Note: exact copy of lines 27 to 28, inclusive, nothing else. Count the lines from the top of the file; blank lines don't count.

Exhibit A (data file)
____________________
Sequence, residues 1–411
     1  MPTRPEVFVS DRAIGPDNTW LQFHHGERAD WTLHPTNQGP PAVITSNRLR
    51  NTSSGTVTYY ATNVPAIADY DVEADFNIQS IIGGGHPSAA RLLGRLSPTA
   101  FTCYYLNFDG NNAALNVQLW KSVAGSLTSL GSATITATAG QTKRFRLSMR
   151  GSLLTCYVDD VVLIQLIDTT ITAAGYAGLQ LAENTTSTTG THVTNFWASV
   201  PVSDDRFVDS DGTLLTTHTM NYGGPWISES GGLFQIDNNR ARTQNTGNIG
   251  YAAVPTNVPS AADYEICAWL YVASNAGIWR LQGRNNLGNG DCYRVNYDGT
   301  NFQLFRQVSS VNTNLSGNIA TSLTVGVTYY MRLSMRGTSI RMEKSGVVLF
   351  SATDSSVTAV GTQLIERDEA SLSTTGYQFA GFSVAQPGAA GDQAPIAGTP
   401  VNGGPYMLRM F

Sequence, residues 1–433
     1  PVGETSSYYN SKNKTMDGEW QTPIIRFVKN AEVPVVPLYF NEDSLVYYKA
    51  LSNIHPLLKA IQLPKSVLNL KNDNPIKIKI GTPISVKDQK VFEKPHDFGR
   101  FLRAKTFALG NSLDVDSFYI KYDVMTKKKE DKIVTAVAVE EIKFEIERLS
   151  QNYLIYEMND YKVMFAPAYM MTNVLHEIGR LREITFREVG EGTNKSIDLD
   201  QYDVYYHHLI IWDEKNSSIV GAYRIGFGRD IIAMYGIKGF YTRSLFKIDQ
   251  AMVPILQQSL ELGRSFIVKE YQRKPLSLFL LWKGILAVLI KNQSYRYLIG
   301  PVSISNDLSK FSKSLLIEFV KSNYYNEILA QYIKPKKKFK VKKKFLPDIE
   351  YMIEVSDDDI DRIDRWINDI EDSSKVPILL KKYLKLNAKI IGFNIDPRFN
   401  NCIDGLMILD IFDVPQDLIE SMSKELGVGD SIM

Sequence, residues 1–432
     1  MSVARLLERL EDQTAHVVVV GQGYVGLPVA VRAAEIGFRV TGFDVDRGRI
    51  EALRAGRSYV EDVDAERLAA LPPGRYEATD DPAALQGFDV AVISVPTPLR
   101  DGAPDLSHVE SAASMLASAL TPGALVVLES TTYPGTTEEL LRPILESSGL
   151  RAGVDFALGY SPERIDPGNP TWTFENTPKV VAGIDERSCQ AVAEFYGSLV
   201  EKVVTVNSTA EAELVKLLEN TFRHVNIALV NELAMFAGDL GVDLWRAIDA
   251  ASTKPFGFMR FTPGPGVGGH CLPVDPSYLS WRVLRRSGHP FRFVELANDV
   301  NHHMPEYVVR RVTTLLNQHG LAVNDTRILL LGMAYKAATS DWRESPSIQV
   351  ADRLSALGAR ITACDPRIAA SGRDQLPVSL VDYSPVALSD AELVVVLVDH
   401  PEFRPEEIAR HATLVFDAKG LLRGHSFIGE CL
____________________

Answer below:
   251  ASTKPFGFMR FTPGPGVGGH CLPVDPSYLS WRVLRRSGHP FRFVELANDV
   301  NHHMPEYVVR RVTTLLNQHG LAVNDTRILL LGMAYKAATS DWRESPSIQV